What are the qualifications of the Listeners?

Many people have listening skills, developed through a range of different experiential and more formal learning means. Beyond counsellors and therapists, there are many, many different jobs and experiences where listening is key.  ALL have been invited to participate as Listeners. 

The criteria for being a Listener with The Listening Project is that individuals are invited to apply, outlining their relevant listening experience and training, and letting us know very clearly WHY they are volunteering to be a Listener.  They agree to use Heart Centred Listening, as outlined in our Heart Centred Listening Guide. That agreement has been documented.

I have something I need to say, what do I have to do?

If you would like to be heard, if you have something that you need to have listened to and understood, then please let us know.  Simply click on “I need to talk”, and we will find a Listener for you.  

You will be contacted with names and contact details for two Listeners.  If you would like to choose one, however both will have been prepared to expect your call, email, text.  Arrange a time and way to talk that works for you, and we begin.

What is your actual offering?

The Listening Project is for those who do not qualify for any underwritten psychological support – but who could really do with having someone listen to them.  

Listening can be:

  • By phone/skype/zoom call
  • A text via Facebook or Whatsapp
  • A listening circle provided in your workplace for staff who have been distracted or impacted and need a small group check in.
  • A group of listeners who set up chairs in the mall and just pay attention for a couple of yours.
  • A pathway conversation towards structured services and ongoing self-care frameworks.
What was the motivation behind this project?

It started with some personal impact.  Lyndall’s sister, who lives in Bermagui with her family of 12 (and a baby on the way), spent New Year’s Even morning with thousands of others huddled on the beach in Bermagui ready to shield themselves from the fire in the water. The immediate threat passed, but there was more to come and, without electricity, telephone, water or sewerage they were evacuated. Their three carloads joined a slow-moving snake of cars that travelled over Brown Mountain through thick smoke, trusting Canberra was a good place to go.  Over the days that have unfolded since, while there was no actual fire damage to their property (thankfully), what has become clear is that the psychological damage of having been so close to something so terrifying, without reliable information, has been done.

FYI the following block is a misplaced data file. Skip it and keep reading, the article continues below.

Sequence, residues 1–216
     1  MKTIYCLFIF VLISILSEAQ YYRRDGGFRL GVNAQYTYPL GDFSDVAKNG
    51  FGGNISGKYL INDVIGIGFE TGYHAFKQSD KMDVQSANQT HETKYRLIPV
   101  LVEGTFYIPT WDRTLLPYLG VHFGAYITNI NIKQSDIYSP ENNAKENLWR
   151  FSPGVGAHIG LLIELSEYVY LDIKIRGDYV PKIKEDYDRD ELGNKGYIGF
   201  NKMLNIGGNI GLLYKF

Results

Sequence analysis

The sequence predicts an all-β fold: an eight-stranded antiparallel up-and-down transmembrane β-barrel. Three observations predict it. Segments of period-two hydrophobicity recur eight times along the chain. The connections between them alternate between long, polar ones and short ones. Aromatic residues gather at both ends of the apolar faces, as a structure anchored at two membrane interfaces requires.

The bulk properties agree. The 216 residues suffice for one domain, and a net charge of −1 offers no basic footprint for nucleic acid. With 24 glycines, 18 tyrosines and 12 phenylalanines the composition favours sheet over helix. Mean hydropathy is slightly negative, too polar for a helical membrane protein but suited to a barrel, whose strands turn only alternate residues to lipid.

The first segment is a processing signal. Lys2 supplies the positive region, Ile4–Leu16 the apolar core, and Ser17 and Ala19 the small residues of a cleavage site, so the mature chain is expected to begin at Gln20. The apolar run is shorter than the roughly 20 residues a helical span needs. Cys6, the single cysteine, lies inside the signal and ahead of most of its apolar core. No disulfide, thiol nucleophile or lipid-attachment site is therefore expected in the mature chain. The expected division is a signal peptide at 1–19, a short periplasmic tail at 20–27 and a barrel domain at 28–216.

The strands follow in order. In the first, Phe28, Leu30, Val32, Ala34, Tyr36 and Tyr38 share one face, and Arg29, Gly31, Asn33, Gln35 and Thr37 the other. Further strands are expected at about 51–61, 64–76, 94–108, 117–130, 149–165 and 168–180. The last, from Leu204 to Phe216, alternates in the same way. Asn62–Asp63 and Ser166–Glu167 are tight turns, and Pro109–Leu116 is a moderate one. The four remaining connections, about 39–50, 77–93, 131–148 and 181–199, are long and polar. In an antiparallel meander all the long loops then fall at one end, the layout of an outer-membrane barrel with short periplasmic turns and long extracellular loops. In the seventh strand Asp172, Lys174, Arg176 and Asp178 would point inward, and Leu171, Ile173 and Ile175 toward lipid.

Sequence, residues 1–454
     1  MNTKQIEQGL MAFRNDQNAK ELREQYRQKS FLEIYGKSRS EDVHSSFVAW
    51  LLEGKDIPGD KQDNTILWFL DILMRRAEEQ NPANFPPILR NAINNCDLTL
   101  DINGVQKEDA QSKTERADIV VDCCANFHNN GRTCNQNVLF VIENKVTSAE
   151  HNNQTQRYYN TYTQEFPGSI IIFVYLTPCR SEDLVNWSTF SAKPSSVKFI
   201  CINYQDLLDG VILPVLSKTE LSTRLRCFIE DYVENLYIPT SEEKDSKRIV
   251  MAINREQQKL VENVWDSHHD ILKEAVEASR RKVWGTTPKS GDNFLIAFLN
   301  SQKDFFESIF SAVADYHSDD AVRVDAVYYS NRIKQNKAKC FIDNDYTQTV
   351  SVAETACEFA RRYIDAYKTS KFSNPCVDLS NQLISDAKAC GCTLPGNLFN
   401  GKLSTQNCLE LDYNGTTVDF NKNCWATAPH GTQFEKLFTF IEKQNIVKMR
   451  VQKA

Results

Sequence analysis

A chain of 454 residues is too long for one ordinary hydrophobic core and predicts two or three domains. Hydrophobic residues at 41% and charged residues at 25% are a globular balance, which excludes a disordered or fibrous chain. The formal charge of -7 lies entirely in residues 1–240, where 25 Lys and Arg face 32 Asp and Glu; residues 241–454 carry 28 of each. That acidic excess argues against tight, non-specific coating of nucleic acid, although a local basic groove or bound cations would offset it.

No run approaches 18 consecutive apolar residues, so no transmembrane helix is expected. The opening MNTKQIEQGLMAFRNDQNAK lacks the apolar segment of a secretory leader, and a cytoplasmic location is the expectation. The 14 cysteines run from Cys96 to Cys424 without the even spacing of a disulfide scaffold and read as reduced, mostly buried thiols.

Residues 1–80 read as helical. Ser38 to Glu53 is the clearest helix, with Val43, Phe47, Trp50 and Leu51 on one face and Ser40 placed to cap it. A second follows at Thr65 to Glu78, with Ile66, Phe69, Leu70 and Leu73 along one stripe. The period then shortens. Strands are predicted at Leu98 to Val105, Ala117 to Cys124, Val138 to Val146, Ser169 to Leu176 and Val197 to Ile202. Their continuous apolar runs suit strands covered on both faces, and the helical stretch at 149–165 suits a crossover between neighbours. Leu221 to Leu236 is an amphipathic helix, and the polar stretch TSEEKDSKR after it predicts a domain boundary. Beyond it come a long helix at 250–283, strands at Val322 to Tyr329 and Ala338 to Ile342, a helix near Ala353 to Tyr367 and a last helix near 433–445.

This sent us to thinking about the many thousands of people who will be in similar situations.  Frightened, confused, evacuated, displaced – but ultimately able to return to their homes ‘as if nothing has happened’.  But the drive home tells them just how much has changed. And how close it came. And the tears fall again. And we thought about just how complex trauma of this type actually is  – when ‘nothing happens’.  

We also became aware of the fact that those without actual fire damage, were not eligible for any government or insurance underwritten psychological support in relation to their experience. All funds were being understandably directed towards those who had experienced fire damage.  

And then we realised that every Australian existed somewhere between completely devastated to actually impacted but not on our backsides, to not directly impacted but feeling anxious, helpless and trying to make sense, on the broad spectrum of impact.

Those who were tucked away in metropolitan Melbourne, Sydney, Adelaide – experienced some of the smoke, and had the significant impact of visuals on television and social media, listening to radio commentary for fire updates, worry about affected family and friends, reading posts arguing about what caused the fires and what science is valid and what leadership should look like.  

The response from many was an outpouring of support, from all over the country and across the world.  Others struggled to know what to do. Many felt highly anxious. Like many others, we wondered where we could best contribute our help, support and care.